Unity for unity’s sake? Going against the grain of Christianity

When Mark Galli of Christianity Today published an editorial calling for the impeachment of President Donald J. Trump, it was seen as a rift in Christendom, or at least, a rift among Evangelicals, a group that overwhelmingly supports the president. This break from the pack was received with some amount of shock because of the pervasive assumption that Christians are united. The truth is, we are not, and we have never been.

The 2016 election revealed the political divide among Christians. Despite the ever-present talking heads on television, there is a wide diversity of political views among Christians, and many of them are in direct conflict.

Understanding this divide, Christianity Today tried “to stay above the fray.” They saw themselves as a big tent where Christians of all political stripes could find welcome. Galli said, “politics is not the end and purpose of our being.” I disagree with that premise; politics is the way we negotiate how to live with one another, which is precisely the concern of any ethical framework. The big fights in the earliest proto-Church were about how to live together and how to live with the Roman Empire; these are political questions. Politics is not what brings Christians together.

There must be something else that holds us together. Many Christians would say they are “higher things,” the things of God.

One might assume that the higher things that unite Christians are beliefs, the things we think about God. History proves this false. Despite councils and reformations and counter-reformations, the Church has split over beliefs any number of times. Christians have cut out one another’s tongues over disputes in beliefs — then later canonized the same people as saints! Right belief depends on who has power.

It might be more helpful to think about the things of the Spirit. “The fruits of the Spirit” are given in Galatians 5:22-23: “love, joy, peace, patience, kindness, generosity, faithfulness, gentleness, and self-control.” If we name ourselves as Christians, we claim that the Spirit is transforming us toward these virtues. These hold us together through other disputes, the theological and political. It is this spiritual unity to which Galli appeals, even saying that their delay in criticizing Trump and his supporters was due to “patient charity.”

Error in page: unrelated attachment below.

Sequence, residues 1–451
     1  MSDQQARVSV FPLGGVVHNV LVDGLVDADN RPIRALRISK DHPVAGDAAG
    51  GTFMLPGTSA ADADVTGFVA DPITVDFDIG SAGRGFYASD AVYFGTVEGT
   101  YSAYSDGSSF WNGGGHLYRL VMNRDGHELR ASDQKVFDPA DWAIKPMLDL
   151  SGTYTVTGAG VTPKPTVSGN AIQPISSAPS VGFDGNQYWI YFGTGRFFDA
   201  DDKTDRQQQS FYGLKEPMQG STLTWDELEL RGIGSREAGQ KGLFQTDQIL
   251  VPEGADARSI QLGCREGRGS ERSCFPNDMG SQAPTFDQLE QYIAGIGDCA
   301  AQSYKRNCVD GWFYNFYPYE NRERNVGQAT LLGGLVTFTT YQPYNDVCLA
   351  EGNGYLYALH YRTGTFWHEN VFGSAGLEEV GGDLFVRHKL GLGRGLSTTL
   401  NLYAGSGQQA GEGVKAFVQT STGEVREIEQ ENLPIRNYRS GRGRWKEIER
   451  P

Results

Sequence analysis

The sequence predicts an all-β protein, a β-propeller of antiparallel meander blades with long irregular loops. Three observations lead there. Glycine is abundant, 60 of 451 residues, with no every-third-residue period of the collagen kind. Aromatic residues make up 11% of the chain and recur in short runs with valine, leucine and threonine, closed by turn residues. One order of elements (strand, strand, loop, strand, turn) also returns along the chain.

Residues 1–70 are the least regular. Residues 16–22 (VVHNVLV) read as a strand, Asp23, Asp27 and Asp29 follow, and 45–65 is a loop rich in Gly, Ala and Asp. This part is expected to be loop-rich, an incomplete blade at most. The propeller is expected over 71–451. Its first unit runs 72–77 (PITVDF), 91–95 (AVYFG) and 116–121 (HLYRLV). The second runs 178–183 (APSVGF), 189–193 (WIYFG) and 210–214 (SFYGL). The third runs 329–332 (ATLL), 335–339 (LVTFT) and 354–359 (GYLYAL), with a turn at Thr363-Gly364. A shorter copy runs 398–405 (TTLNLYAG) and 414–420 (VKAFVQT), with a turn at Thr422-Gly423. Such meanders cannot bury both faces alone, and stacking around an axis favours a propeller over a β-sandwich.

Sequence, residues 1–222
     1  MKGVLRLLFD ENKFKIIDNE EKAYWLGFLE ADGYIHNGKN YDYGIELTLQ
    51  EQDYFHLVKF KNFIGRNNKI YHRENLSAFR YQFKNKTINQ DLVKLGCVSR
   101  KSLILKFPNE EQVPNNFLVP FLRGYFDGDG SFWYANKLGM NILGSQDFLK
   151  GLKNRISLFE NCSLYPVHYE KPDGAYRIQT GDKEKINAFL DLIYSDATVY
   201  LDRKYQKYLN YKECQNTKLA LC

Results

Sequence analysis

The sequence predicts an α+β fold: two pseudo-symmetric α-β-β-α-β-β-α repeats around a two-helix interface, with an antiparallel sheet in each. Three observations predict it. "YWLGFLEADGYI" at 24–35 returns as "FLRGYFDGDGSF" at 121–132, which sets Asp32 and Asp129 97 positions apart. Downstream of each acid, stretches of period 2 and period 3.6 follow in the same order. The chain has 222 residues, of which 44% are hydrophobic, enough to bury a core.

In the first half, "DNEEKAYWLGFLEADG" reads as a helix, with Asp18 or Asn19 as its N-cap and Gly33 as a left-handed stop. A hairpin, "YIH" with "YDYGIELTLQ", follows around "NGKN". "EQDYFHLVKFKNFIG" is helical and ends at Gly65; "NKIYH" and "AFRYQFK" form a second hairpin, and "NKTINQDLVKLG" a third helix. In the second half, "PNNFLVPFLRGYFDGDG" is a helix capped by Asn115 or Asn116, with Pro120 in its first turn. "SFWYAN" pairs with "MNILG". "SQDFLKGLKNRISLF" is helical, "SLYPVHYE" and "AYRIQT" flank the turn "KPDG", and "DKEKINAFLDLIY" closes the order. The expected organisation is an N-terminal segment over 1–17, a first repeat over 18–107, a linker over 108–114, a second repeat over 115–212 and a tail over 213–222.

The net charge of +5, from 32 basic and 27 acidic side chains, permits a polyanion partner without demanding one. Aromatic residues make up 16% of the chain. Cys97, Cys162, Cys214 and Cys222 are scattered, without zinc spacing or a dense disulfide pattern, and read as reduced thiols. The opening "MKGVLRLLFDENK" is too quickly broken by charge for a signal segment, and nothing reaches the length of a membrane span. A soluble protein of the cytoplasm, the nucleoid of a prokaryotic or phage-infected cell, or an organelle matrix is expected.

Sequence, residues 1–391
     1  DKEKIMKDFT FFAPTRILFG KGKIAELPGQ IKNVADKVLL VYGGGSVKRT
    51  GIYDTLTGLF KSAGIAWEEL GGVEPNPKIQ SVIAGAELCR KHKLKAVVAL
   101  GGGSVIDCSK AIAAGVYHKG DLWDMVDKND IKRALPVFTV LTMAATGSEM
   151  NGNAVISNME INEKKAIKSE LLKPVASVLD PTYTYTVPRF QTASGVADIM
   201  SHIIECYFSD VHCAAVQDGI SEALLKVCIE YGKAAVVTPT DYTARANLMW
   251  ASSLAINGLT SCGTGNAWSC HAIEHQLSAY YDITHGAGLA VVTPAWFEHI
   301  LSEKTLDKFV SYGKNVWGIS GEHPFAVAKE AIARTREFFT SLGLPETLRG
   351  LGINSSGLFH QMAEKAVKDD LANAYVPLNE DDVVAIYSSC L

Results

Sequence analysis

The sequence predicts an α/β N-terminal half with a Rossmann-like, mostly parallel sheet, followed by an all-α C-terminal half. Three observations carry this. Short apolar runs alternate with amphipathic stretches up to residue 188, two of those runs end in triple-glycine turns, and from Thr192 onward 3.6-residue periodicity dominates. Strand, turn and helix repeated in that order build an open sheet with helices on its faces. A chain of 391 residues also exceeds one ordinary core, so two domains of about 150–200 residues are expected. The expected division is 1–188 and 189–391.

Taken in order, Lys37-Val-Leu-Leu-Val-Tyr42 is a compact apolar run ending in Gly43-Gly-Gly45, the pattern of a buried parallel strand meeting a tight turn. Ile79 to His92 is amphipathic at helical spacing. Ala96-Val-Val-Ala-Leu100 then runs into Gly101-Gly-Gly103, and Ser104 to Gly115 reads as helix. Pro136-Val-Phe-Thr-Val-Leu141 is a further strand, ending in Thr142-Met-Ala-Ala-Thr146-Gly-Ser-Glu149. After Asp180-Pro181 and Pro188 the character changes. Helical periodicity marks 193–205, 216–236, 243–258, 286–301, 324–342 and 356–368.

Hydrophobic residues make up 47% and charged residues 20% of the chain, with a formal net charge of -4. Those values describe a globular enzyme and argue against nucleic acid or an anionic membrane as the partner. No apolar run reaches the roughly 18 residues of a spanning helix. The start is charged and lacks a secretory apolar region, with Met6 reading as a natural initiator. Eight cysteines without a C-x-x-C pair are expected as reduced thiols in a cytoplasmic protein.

This is the danger: unity at the cost of justice. When and how to criticize can only be done according to one’s conscience. However, the conscience can be obscured by the delusions, doubts and desires with which we all wrestle. Even the fruits of the Spirit can become myopic so that love, patience and generosity are only offered to some, to those who look and act like us, so that we can maintain a peace that is ours alone. 

Remaining silent to preserve unity and peace among Christians is in no way loving to anyone else. It’s not loving to the 17% more people who were victims of hate crimes after the 2016 election. It’s not loving to the thousands of children still in cages or to people seeking asylum. It’s not loving to the 700,000 people losing SNAP benefits or the 8 million people whose disability benefits are threatened. It’s not loving to anyone who likes to drink water or breathe air, much less the tens of millions who will be displaced by climate change in the next 30 years.

Staying above the fray only benefits ourselves and people like us, but the Spirit compels us to bring Good News to the world. Jesus never stayed above the fray; Jesus was the fray. It’s time we got back in there with him, unity be damned.

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